Written by Nate Schwartz

The weeks leading up to the Philadelphia Mayoral primary election have been hotly contested, with five candidates posting strong polling numbers going into election day. According to a recent poll, five candidates were polling between 14%-18% with 20% of respondents undecided late last month. 

With such a close election, ad spending from candidates and issue groups has picked up throughout the spring. The $21.8M spent in the Philadelphia mayoral primary ranks as the second most expensive election of 2023, trailing only the WI Supreme Court general ($30.1M).

Current Philadelphia City Council member Allan Domb is the top spending advertiser. His $8.8M expenditure makes up 41% of all this election's spending. He has primarily spent on broadcast ads, where he has reserved $6.0M. Domb has aired 18 different ads leading up to the election, with other airings focusing on crime and education. His top three aired ads highlight interviews with local Philadelphia residents.

While Domb is the top spender, four other candidates have reserved over $1M for ads. Overall, candidates have spent $15.9M in the election, while issue groups have spent $5.5M. Here’s a look at candidate spending leading up to election day.

Behind Domb, Jeff Brown’s $3.4M in ad spending is over $1.3M ahead of the next highest spending advertiser. Brown’s ad presence is similar to Domb, as the Brown campaign has aired 16 unique ads so far. No other advertiser has aired more than 6 unique ads. Eighty percent of Brown’s ad spend has been on broadcast, the highest mark for any candidate. 

Brown, owner of Philadelphia grocery store chain Brown’s Super Stores, has an ad strategy focused around crime and infrastructure. His highest airing ad discusses all the police endorsements he’s received. His other biggest issue, infrastructure, revolves around his campaign slogan “Pick up the damn trash.” The controversial slogan has been included in his ads and appears on signs throughout the city.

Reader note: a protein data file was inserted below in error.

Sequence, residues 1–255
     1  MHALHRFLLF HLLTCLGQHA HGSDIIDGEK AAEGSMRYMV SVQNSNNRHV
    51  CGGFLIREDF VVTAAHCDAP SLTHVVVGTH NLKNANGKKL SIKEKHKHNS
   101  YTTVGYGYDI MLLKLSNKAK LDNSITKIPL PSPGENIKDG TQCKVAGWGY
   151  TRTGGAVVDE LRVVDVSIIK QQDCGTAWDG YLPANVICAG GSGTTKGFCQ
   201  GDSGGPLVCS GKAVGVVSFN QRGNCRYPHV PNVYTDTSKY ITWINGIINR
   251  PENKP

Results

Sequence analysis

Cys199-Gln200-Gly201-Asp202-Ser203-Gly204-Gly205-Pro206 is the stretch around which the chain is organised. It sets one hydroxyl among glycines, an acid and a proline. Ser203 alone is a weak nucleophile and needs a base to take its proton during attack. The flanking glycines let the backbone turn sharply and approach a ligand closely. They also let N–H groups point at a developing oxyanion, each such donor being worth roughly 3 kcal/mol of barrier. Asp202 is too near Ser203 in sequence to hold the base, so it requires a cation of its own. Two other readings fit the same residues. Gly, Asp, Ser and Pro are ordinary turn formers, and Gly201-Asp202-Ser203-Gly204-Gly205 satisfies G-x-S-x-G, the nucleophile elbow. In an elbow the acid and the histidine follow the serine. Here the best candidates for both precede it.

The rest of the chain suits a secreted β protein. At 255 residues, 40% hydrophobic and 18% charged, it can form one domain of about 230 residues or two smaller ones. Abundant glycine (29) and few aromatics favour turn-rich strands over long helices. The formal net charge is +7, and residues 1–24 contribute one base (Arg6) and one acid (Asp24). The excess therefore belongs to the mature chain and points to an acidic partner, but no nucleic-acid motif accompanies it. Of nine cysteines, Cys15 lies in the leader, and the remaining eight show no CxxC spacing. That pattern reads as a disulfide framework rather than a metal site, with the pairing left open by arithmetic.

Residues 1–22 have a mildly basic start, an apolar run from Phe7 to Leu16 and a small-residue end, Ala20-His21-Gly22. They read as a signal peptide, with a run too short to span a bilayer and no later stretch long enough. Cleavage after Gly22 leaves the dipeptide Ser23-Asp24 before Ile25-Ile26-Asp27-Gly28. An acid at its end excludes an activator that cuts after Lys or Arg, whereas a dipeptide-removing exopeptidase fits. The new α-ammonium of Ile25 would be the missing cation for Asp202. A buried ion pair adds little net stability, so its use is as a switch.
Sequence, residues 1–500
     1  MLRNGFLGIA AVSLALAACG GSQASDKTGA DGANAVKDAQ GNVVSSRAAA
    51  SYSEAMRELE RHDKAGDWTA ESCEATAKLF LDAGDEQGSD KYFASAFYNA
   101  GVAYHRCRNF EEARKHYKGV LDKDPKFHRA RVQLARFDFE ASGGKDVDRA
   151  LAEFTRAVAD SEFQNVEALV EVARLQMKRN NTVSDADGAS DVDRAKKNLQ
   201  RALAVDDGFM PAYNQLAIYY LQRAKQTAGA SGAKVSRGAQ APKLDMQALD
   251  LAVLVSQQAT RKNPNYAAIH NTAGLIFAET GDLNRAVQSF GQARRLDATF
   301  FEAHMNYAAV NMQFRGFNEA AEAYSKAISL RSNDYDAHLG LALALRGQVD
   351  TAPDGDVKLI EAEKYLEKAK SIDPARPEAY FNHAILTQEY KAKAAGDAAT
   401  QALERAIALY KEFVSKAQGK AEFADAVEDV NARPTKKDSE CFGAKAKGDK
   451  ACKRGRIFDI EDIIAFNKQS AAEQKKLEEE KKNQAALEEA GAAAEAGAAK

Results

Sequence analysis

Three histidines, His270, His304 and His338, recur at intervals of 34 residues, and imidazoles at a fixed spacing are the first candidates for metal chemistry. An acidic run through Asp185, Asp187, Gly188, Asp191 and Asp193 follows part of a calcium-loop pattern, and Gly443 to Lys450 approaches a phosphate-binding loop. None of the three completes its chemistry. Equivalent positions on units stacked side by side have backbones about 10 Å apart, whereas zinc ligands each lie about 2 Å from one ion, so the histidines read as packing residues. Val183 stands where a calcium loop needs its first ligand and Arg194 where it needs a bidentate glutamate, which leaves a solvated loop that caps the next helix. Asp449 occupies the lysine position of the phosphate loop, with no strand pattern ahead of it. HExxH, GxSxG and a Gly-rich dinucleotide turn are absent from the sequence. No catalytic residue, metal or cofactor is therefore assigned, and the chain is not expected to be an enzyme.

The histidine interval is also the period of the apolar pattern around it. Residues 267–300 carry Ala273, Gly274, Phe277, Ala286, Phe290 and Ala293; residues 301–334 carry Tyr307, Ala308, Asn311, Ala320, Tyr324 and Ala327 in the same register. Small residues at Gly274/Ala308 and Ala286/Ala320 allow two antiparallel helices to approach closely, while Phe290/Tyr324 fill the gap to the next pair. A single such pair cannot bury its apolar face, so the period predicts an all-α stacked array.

Additionally, two groups have aired ads about Helen Gym. Gym, who has spent $1.4M on ads herself, has endorsements from progressives such as Bernie Sanders and Alexandria Ocasio-Cortez. With only two unique ads, her ad content has included a large variety of issues she wants to focus on. An issue group supporting Gym, Fighting Together for Philadelphia, has spent $1.1M on ads discussing how she will make the city safer. More controversially, the Coalition for Safety & Equitable Growth has aired ads about Gym’s previous voting record with a potential conflict of interest, to which Gym responded by sending a cease-and-desist to every Philadelphia broadcast station.

Finally, two other candidates have spent significant money on ads in the primary: Rebecca Rhynhart and Cherelle Parker. They both boast endorsements from previous Philadelphia mayors. Rhynhart has spent $1.3M across four media types, with $992K on broadcast. Her highest airing ad displays her endorsements from two former Philadelphia mayors and the Philadelphia Inquirer. Meanwhile, current Philadelphia mayor Jim Kenney voted for Cherelle Parker in the primary. Parker has spent $768K so far, with 75% of it on broadcast. Parker’s campaign is airing ads about crime, but also expanding mental healthcare and holding cops accountable.

Three issue groups have spent more than $1M on ads: Philadelphians for Our Future PAC, For A Better Philadelphia PAC, and the previously mentioned Fighting Together for Philadelphia. Philadelphians for Our Future PAC is supporting Cherelle Parker while For A Better Philadelphia PAC is supporting Jeff Brown. A Better Philadelphia PAC has just one unique ad, which highlights a positive comment about Brown from Michele Obama.

Bar chart showing Philadelphia mayoral spending

Despite a $10M advantage in candidate spending over group spending, cable expenditure between the two advertiser types is similar. Cable makes up 25% of all issue group ad expenditures, compared to just 11% from candidates. Candidates have instead relied on broadcast, where 71% of their ad spending went compared to 58% from issue groups.

With election day around the corner, everything is still up in the air. A close field and a competitive ad landscape has made the Philadelphia mayoral primary one of the most interesting elections of 2023. 

Interested in another mayoral deep dive? Check out our Jacksonville mayoral deep dive blog, as the Jacksonville general runoff election is also on Tuesday.

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